The actual rendering of the non-TEXT objects in a plot is controlled by the STYLE option setting. In 2-D, there are 5 possible styles: LINE, PATCH, PATCHNOGRID, POINT and POINTLINE. The PATCH style which is the default, renders points as symbols, curves as line segments, and polygons as filled regions with a border. The PATCHNOGRID style omits the border on polygons. The LINE style omits the filled interior of the polygons. The POINT style draws the endpoints of the curve line segments and the vertices of the polygons as symbols. The POINTLINE style combines the features of the POINT and LINE styles. Styles are specified by adding the function call STYLE(style), where style is one of the keywords above, to the PLOT structure.
Specifies the symbol to be used when drawing points. Currently supported values are _ASTERISK, BOX, CROSS, CIRCLE, _DIAGONALCROSS, DIAMOND, POINT, _SOLIDBOX, _SOLIDCIRCLE, _SOLIDDIAMOND, _SOLIDSPHERE, SPHERE and DEFAULT. _SOLIDSPHERE and SPHERE are available for 3-D plots only. A second argument to SYMBOL specifies the size (in points) of the symbol to be used for plotting. This is a non-negative integer.
Controls the drawing of any line segments in the image resulting from the graphics primitives (not axes lines). The thickness setting is a non-negative integer, with 0 representing the thinnest line, and increasing values specifying increasingly thick lines. The default value is 1.
Specifies a title to be placed at the top of the plot, where t is any expression, string, or _TYPESET structure. The TITLE object can also contain an optional FONT object f defining the font used to render the title.
Controls the transparency of a plot object. The transparency is specified as TRANSPARENCY(n), where n is a floating-point number in the range 0.0 to 1.0 or the name DEFAULT. A value of 0.0 means "not transparent", while a value of 1.0 means "fully transparent".
Specifies text to be typeset and concatenated, where t is a sequence of arbitrary expressions or strings.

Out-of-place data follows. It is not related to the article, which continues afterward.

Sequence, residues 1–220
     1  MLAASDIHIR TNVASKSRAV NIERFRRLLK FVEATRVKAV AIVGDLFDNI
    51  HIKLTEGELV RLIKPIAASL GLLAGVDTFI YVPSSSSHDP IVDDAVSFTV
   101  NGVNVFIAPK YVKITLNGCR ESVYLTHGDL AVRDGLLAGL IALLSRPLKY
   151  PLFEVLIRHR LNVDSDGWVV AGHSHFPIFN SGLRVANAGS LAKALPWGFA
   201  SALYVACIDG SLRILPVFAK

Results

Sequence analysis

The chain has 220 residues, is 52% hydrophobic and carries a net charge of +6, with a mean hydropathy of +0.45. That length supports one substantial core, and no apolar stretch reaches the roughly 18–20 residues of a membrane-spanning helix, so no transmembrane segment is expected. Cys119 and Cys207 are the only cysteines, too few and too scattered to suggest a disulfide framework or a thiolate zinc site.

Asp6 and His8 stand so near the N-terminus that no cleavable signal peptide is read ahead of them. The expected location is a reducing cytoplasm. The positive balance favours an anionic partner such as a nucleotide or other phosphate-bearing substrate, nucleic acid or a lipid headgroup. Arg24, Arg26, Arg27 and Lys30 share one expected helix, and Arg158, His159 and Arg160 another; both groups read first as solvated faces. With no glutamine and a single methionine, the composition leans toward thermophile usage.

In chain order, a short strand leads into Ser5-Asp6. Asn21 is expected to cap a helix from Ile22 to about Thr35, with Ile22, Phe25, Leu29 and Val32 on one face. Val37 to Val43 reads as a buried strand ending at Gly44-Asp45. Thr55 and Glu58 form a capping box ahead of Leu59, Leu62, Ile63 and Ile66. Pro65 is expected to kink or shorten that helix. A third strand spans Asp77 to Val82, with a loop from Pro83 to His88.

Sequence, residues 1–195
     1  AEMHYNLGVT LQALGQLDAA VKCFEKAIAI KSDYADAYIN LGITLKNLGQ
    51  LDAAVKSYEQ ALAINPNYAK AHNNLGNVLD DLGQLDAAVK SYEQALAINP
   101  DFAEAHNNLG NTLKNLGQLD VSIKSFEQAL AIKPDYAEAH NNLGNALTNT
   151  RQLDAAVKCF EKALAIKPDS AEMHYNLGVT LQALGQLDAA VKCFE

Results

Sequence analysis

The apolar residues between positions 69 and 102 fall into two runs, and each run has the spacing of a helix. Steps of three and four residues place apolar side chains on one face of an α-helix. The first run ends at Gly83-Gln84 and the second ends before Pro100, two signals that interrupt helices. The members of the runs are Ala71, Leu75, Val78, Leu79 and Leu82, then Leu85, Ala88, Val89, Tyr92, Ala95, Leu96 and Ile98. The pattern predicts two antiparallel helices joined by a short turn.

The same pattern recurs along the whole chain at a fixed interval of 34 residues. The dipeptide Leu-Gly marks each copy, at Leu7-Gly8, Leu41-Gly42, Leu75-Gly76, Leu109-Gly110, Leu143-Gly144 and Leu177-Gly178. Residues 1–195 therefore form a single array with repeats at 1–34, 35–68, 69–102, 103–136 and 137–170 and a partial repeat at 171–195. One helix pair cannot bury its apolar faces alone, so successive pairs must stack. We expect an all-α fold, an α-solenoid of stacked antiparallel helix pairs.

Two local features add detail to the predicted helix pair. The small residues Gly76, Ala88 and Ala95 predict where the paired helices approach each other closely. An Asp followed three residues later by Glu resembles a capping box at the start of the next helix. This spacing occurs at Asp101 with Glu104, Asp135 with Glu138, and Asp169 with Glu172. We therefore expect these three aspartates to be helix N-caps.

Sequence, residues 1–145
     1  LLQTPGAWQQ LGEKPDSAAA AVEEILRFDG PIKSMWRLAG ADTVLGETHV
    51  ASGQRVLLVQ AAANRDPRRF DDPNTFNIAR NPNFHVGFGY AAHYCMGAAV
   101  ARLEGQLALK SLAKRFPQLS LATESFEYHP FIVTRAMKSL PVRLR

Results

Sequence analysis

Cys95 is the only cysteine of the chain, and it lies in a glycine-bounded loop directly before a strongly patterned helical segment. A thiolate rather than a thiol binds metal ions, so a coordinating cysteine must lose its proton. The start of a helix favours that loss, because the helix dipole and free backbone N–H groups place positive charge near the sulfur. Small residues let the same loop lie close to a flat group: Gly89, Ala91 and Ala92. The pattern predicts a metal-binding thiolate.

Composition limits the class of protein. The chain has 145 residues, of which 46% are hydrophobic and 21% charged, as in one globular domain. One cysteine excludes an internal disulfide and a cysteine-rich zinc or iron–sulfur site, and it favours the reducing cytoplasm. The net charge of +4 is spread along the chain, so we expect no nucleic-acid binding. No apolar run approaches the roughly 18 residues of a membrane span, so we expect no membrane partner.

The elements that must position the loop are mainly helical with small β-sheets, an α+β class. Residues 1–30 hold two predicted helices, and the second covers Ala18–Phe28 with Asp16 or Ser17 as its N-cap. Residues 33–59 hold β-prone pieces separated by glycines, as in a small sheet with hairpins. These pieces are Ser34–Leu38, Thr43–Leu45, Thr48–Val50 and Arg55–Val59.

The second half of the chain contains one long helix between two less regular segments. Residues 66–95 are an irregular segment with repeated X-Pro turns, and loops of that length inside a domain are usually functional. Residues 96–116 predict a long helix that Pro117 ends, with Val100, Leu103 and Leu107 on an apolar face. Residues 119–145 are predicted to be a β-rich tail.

Contains two ranges that specify the subrange of the x-y plane that is to be displayed. Either range can be replaced by DEFAULT, in which case the range is chosen to contain all elements in the picture.
Local Options - Where it is applicable, each of the above options can also be placed inside a POINTS, CURVES, TEXT, or POLYGONS object and overrides the global option for the rendering of that object. The COLOR option allows an additional format in this situation. In the case of an object having n subobjects (for example, multiple points, lines, or polygons), one color value can be supplied for each object. The structure then has the form COLOR(t, A) where A is a float Array and t is one of RGB, HSV and HUE. If t is HUE, then A must have dimension 1..n. Otherwise, A must have dimensions 1..n, 1..3, with A[i,1], A[i,2], A[i,3] representing the RGB or HSV values for the i-th color. For example, PLOT(POINTS(Array(1..2, 1..2, [[0, 0], [1, 1]], 'datatype'='float', 'order'='C_order'), COLOR(RGB, Array(1..2, 1..3, [[1, 0, 0], [0, 1, 0]], 'datatype'='float', 'order'='C_order'))), SYMBOL(_SOLIDCIRCLE, 30)) draws two points, one in red and the other in green.
3-D Plot Options
Each of the 2-D objects and options described in the section above are available in 3-D plotting with the exception of the legend and gridline options. The extension of the 2-D options to 3-D is obvious in most cases. For example, points are specified with 3 values instead of 2. Several additional option structures are available and are described below.
AMBIENTLIGHT(r, g, b)
Specifies the ambient light on the scene. It contains three numeric values between 0 and 1 specifying the intensity of the red, green, and blue components of the ambient light.